University of North Carolina Press, 1994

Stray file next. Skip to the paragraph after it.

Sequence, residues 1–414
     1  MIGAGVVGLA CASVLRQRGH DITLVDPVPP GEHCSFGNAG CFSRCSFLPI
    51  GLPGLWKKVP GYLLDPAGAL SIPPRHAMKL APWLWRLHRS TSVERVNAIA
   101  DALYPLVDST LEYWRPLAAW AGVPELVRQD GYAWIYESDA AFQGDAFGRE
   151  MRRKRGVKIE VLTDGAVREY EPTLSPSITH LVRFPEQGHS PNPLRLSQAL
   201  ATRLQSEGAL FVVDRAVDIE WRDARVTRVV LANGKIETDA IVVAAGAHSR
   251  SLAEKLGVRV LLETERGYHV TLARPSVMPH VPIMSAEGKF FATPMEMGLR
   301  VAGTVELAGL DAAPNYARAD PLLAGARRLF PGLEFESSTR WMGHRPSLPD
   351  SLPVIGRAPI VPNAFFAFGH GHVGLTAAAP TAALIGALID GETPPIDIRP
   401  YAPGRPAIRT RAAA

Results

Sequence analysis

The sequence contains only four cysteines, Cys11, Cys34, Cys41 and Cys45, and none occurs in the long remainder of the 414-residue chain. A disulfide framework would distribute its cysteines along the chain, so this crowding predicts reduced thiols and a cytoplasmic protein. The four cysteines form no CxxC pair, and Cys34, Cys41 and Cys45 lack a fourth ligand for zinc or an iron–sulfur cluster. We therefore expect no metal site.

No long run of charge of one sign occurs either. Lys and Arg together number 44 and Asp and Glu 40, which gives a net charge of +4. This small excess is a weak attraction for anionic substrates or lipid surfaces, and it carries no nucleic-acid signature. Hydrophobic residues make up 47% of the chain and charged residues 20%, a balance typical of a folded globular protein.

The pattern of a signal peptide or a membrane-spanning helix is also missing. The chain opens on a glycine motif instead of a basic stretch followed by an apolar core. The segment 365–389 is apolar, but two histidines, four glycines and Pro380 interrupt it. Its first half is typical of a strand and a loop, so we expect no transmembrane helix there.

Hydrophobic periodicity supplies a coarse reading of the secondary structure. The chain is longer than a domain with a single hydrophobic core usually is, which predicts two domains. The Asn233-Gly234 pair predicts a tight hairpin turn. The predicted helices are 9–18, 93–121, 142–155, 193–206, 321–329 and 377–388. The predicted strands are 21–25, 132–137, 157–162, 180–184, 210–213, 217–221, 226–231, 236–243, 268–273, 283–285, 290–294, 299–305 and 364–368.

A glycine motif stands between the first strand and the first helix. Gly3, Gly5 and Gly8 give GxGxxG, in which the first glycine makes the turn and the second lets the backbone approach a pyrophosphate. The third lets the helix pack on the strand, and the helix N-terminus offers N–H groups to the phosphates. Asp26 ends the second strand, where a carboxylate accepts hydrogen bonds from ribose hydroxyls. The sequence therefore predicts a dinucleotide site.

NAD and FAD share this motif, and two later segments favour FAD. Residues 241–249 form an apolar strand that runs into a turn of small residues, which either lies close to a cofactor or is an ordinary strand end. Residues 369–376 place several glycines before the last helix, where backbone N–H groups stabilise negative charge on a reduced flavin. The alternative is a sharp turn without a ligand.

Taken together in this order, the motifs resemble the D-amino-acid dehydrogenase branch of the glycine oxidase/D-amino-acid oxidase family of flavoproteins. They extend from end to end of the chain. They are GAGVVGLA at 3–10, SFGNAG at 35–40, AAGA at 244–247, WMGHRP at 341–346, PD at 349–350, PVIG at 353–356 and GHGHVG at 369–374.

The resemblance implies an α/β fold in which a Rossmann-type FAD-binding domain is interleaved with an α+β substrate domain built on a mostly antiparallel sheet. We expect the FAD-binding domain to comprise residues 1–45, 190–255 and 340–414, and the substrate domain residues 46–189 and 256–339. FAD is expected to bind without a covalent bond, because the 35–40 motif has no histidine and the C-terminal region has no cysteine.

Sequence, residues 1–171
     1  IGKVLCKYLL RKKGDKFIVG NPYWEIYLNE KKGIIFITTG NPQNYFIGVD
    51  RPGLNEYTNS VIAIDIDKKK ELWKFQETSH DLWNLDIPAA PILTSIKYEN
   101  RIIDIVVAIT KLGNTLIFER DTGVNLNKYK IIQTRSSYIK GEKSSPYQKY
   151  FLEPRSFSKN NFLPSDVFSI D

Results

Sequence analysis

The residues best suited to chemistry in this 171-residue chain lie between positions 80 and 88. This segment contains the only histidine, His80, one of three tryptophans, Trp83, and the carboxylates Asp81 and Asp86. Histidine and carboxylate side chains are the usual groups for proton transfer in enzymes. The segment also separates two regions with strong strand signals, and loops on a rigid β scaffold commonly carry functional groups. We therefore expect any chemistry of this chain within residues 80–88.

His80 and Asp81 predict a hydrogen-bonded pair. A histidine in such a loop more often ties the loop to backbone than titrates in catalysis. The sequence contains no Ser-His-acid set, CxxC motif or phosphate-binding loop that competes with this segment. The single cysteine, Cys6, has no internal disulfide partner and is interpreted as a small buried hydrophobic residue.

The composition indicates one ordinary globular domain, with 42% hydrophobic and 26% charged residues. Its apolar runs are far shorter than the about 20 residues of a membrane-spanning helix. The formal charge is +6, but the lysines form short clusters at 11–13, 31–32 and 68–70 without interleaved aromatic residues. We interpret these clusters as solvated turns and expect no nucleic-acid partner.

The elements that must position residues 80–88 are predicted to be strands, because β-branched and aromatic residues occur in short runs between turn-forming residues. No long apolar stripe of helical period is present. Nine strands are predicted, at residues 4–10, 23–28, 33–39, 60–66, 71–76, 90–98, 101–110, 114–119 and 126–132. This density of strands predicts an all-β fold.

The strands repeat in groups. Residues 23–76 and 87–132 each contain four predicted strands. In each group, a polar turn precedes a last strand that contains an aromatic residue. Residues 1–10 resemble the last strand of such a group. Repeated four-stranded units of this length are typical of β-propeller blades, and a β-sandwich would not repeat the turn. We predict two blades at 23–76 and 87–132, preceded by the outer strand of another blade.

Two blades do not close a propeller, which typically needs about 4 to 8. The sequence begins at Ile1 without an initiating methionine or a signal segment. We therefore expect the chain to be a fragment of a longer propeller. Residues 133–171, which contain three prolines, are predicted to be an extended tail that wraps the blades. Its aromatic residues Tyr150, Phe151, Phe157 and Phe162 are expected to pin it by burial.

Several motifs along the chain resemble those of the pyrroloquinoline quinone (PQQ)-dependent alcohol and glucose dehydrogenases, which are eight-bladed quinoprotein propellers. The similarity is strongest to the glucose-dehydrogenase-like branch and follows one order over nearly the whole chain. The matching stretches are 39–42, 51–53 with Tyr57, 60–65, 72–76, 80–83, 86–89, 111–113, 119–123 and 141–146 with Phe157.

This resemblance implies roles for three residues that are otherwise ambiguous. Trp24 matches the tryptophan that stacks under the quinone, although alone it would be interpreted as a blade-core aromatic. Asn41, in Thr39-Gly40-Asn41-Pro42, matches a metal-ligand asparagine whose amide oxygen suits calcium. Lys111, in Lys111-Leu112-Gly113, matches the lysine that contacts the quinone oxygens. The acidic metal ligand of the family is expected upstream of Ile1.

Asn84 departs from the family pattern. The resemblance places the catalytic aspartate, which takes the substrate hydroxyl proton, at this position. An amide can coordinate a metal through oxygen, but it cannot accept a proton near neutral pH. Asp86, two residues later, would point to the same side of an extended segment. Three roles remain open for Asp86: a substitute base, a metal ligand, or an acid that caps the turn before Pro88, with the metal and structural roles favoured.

In the mid-1980s, the Valentine Museum, whose self-appointed role is to chronicle Richmond, Virginia’s rich history, embarked upon an ambitious and controversial enterprise. Through a variety of experimental activities, the Valentine sought to create new museum exhibitions that incorporated recent urban historical scholarship and, at the same time, to use the exhibition-development process itself to reexamine local history. For the Valentine staff, the most controversial aspect of this task was to represent all of Richmond’s complex historical drama rather than selected portions. This approach to exhibition development pays greater attention to the previously neglected contributions of African Americans to Richmond’s history, an approach appropriate in a city whose population in the 1980s was more than one-half African American and where the role of blacks in city building had been a fundamental factor since the 1600s. Moreover, in a city whose origin and traditional economic base rest firmly upon commerce and manufacturing, the lives of the working people—both blacks and whites as well as women and men represented an essentially unexplored piece of Richmond’s past.